Nearly 100 percent of all cattle and aquaculture farms in Vietnam have been found to be feeding their herd antibiotics to prevent diseases, according to a recent report by the country’s animal health authority.
While salbutamol, a chemical making livestock produce more meat, is banned and strictly monitored by authorities, the use of antibiotics is still left unregulated, sparking new fears about excessive residues in food.
Vietnam’s Department of Animal Health conducted a survey from 2015 through the first quarter of 2016 on the use of antibiotics in aquaculture farms in the country’s Mekong Delta region.
According to the survey’s results published in a recent report, 83 percent of the 139 catfish farms surveyed were found to be using antibiotics on their fish.
Notably, some of the antibiotics and antimicrobial materials used were banned or restricted substances such as Amoxicillin, Ampi, Colistin, Cephalosporin, Doxycycline, Enrofloxacin, Sulfa, and Tetracycline.
In Bac Lieu Province in particular, 67 percent of the 218 shrimp farms were discovered to be feeding their shrimp antibiotics in the first three months of life to fight off disease.
More than 42 percent of respondents admitted to not knowing whether they were using veterinary or human medicine on their shrimp.
According to the report, Enrofloxacin, Oxytetracycline, and Tetracycline, three groups of antimicrobial materials banned or restricted for use in aquaculture, were legally imported into Vietnam in large amounts in 2015, and had been used excessively in seafood farms across the country.
According to the National Agro – Forestry – Fisheries Quality Assurance Department (NAFIQAD), a series of aquaculture export shipments by Vietnam to foreign markets have been rejected in recent years due to excessive antibiotic residues.
Nguyen Nhu Tiep, general director at NAFIQAD, said although the number of rejected shipments declined in the first quarter of 2016, it is still alarming that as many as 31 shipments were returned to Vietnam due to antibiotic contamination.
Tiep went on to raise concerns about whether such unqualified products should be sold in Vietnam.
Meanwhile, Nguyen Thanh Son, owner of an industrial chicken farm in Dong Nai, a province bordering Ho Chi Minh City to the northeast, said it was common practice for cattle farms to store large quantities of antibiotics for both periodic feeding and the prevention of epidemics.
“It is true that constant use of antibiotics would weaken the animals’ immune system and make them more dependent on the substance. Still, it can’t be helped, for a farm will go bankrupt once it stops using antibiotics,” Son said.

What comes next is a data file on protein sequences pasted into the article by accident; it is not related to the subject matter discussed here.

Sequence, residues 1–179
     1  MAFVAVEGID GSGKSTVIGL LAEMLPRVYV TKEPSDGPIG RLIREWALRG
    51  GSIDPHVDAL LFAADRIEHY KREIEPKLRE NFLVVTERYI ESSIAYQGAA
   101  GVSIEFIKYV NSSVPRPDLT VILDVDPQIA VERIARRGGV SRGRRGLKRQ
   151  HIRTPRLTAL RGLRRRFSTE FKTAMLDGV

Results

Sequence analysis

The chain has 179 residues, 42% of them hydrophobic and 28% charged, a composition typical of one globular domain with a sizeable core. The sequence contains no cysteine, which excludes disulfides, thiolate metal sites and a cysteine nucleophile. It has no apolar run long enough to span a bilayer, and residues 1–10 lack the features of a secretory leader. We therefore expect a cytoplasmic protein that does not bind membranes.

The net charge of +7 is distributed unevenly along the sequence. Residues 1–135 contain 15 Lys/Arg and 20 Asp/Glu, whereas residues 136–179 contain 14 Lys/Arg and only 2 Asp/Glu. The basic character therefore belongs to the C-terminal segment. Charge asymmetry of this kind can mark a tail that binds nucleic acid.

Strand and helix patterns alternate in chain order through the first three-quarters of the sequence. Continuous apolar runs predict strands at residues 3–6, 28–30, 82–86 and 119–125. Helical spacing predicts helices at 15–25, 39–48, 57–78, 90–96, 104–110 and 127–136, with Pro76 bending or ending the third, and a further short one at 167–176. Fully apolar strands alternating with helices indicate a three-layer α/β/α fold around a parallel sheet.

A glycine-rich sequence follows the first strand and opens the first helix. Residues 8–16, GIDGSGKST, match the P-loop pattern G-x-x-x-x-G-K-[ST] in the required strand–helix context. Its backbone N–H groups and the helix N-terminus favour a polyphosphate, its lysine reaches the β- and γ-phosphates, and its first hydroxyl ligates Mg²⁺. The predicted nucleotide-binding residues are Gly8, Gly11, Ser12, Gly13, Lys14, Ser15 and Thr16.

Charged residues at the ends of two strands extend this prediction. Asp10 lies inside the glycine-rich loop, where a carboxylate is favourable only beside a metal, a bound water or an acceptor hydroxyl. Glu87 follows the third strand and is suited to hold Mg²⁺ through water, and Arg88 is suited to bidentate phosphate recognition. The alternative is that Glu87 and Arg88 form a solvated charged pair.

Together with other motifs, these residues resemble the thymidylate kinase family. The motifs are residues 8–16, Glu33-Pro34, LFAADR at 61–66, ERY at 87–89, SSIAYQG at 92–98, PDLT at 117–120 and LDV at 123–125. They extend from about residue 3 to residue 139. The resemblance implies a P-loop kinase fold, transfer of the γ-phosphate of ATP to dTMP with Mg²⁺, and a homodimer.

While authorities are turning a blind eye to the use of antibiotics in animal husbandry, many farmers justify their use by claiming that Vietnam’s atmosphere contains a lot of pathogens that harm their herds otherwise.
Not only are antibiotics used by farmers, the chemicals are also put into food manufactured by fodder companies to improve the health of livestock.
“Some foreign animal food manufacturers did refuse to put antibiotics in their products at first, but they soon followed suit after realizing that they could not compete with domestic manufacturers that did,” one chief marketing officer of a fodder company in Ho Chi Minh City said.
According to La Van Kinh, director at the Institute of Animal Sciences for Southern Vietnam, the wide use of antibiotics in animal husbandry has its roots in the people’s habit of turning to the substances whenever their herds have health problems.
Kinh added that easy access to antibiotics in the country has encouraged farmers to use them instead of focusing on disease prevention and balancing the herd’s nutrition intake to boost their immune system.
“They are not aware that excessive antibiotic residues can cause adverse health effects in consumers,” Kinh said.
A nation’s health at risk!
“In terms of scale and harmful effects, the use of antibiotics in animal husbandry is much more dangerous than salbutamol,” Nguyen Van Viet, chief inspector at the Ministry of Agriculture and Rural Development (MARD), said at a forum on monitoring banned substances and limiting the abuse of antibiotics in animal husbandry, which recently concluded in Binh Duong Province, a neighbor of Ho Chi Minh City.
According to Viet, the overuse of antibiotics in animals over many years poses tremendous health risks to the nation as a whole, as antibiotic residues in the meat could enter the human body and trigger widespread antibiotic resistance.
According to Dr. Nguyen Huu Duc, a professor at the Ho Chi Minh City University of Medicine and Pharmacy, antibiotic resistance is an extremely serious risk for community health, for it would render the current antibiotics helpless against new pathogens and viruses.
“It takes from five to ten years and a lot of money to develop a new strain of antibiotic, so if antibiotic resistance occurs, and new strains haven’t been developed yet, it would be a disaster,” Dr. Duc said.